Morphology of the melon and its tendinous connections to the facial muscles in bottlenose dolphins (Tursiops truncatus)

UNCW Author/Contributor (non-UNCW co-authors, if there are any, appear on document)
Cally Harper (Creator)
Institution
The University of North Carolina Wilmington (UNCW )
Web Site: http://library.uncw.edu/
Advisor
Ann Pabst

Abstract: The melon is a lipid rich structure located in the odontocete forehead that functions to propagate echolocation sounds into the surrounding aquatic environment. To date, the melon’s abilities to guide and impedance match biosonar sounds to water has been attributed to its unique fatty acid composition. The melon, though, is also acted upon by facial muscles (rostral, pars anterointernus, and nasal plug muscles). The goals of this study were to investigate the gross morphology of the melon in the bottlenose dolphin (Tursiops truncatus) and to describe how it is tendinously connected to these facial muscles. Standard gross dissection (n = 8) and serial sectioning (n = 3) techniques were used to describe the melon and to identify the connections between it and the surrounding muscles and blubber in three orthogonal body planes. The melon was also thin-sectioned in three body planes (n = 3) and polarized light was used to reveal the birefringent collagen fibers within and surrounding the melon. This study identified two distinct regions of the melon, the main body and the caudal melon. The caudal melon is bilaterally asymmetrical. This study is the first to identify three regions of the right caudal melon, termed the cup, stem, and cone and two regions of the left caudal melon, named the cup and branch. All regions of the melon vary in shape and display locally specific muscle-tendon morphologies. The entire length of the melon, from the initial site of sound generation to its rostral end, is acted upon by facial muscles. These muscles have highly organized tendon populations that traverse the melon and insert into either the surrounding blubber, the connective tissue matrix of the nasal plug, or the connective tissue sheath surrounding the sound generators. The facial muscles and tendons also lie within multiple orthogonal planes, which suggest that the melon is capable of changing its shape in multiple planes. Thus, the sound propagation pathway from the echolocation sound generators to the surrounding water appears to be a tunable system. Specifically, the facial muscles are hypothesized to be able to change the frequency, beam width, and directionality of the emitted sound beam in bottlenose dolphins (Tursiops truncatus).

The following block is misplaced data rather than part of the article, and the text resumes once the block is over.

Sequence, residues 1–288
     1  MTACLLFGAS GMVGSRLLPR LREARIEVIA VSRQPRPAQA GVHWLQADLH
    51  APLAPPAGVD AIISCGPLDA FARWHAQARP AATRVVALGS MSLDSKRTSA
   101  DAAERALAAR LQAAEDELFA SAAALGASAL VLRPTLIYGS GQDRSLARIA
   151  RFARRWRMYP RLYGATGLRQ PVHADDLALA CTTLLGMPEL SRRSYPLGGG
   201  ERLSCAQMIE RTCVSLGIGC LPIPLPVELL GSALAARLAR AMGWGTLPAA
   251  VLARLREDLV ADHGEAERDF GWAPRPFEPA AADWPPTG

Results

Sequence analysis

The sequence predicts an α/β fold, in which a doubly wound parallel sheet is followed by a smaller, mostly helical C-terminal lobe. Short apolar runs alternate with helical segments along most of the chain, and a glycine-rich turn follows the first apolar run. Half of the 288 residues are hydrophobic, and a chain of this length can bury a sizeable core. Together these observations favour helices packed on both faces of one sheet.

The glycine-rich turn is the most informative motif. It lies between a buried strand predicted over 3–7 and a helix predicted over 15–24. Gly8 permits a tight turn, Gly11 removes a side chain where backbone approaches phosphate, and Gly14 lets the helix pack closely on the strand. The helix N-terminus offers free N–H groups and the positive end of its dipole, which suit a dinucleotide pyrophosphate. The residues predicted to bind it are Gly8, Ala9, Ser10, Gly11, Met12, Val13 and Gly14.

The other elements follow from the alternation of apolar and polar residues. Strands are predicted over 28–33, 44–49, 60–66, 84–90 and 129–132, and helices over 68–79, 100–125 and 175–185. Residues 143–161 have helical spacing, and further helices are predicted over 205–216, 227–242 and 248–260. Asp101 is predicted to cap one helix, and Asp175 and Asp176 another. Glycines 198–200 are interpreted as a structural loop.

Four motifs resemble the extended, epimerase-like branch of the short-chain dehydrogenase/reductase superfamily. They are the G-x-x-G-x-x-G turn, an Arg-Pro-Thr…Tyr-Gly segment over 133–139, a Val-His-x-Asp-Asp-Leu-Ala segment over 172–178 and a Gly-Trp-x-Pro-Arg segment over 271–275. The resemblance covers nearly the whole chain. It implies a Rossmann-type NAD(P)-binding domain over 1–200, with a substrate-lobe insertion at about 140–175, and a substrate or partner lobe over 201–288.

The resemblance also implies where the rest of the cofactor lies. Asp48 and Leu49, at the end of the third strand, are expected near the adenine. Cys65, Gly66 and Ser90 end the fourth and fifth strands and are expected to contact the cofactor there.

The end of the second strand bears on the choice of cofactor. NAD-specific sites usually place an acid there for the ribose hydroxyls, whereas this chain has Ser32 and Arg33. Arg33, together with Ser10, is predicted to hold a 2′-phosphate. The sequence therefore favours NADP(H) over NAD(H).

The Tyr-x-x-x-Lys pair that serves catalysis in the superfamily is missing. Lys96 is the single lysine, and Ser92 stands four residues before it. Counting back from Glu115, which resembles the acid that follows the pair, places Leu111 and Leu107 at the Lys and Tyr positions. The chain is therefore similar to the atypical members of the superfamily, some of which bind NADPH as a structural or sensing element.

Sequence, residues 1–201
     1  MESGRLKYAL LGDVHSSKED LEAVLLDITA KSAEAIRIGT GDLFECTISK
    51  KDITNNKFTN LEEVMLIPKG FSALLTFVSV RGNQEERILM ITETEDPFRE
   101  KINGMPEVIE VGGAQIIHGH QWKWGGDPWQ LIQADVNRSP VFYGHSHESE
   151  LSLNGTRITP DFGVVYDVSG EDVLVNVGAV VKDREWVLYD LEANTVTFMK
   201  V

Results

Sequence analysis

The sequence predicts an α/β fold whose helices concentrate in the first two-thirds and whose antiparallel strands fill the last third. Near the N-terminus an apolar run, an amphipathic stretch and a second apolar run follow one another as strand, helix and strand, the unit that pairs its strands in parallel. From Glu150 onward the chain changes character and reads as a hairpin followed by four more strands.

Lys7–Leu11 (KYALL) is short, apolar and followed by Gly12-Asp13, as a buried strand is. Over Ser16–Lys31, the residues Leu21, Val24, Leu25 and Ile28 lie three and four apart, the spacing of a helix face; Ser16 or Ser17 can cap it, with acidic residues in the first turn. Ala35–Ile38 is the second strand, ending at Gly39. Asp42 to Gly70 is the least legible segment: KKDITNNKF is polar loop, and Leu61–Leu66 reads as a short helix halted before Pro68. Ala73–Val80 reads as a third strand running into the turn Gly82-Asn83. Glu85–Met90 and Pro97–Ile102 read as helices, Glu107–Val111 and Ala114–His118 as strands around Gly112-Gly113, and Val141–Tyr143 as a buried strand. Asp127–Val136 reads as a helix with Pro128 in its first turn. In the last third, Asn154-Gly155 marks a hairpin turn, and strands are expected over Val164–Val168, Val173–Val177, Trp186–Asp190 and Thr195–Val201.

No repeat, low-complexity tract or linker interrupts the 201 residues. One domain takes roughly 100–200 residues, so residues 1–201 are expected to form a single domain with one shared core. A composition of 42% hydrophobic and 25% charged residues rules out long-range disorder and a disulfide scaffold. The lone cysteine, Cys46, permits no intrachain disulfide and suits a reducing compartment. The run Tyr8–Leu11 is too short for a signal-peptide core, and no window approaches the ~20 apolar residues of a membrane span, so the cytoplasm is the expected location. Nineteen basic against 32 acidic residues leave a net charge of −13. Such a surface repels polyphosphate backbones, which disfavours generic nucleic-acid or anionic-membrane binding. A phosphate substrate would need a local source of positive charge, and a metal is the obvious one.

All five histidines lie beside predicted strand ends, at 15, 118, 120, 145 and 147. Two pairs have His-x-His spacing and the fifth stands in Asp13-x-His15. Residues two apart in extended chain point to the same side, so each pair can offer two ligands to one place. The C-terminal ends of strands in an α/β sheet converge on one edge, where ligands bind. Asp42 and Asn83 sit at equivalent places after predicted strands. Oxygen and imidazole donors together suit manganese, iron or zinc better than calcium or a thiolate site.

Additional Information

Publication
Thesis
A Thesis Submitted to the University of North Carolina at Wilmington in Partial Fulfillment of the Requirement for the Degree of Masters of Science
Language: English
Date: 2009
Keywords
Bottlenose dolphin--Morphology, Bottlenose dolphin--Physiology, Bottlenose dolphin--Sense organ, Cetacea--Morphology, Echolocation (Physiology)
Subjects
Echolocation (Physiology)
Bottlenose dolphin -- Morphology
Bottlenose dolphin -- Physiology
Cetacea -- Morphology
Bottlenose dolphin -- Sense organ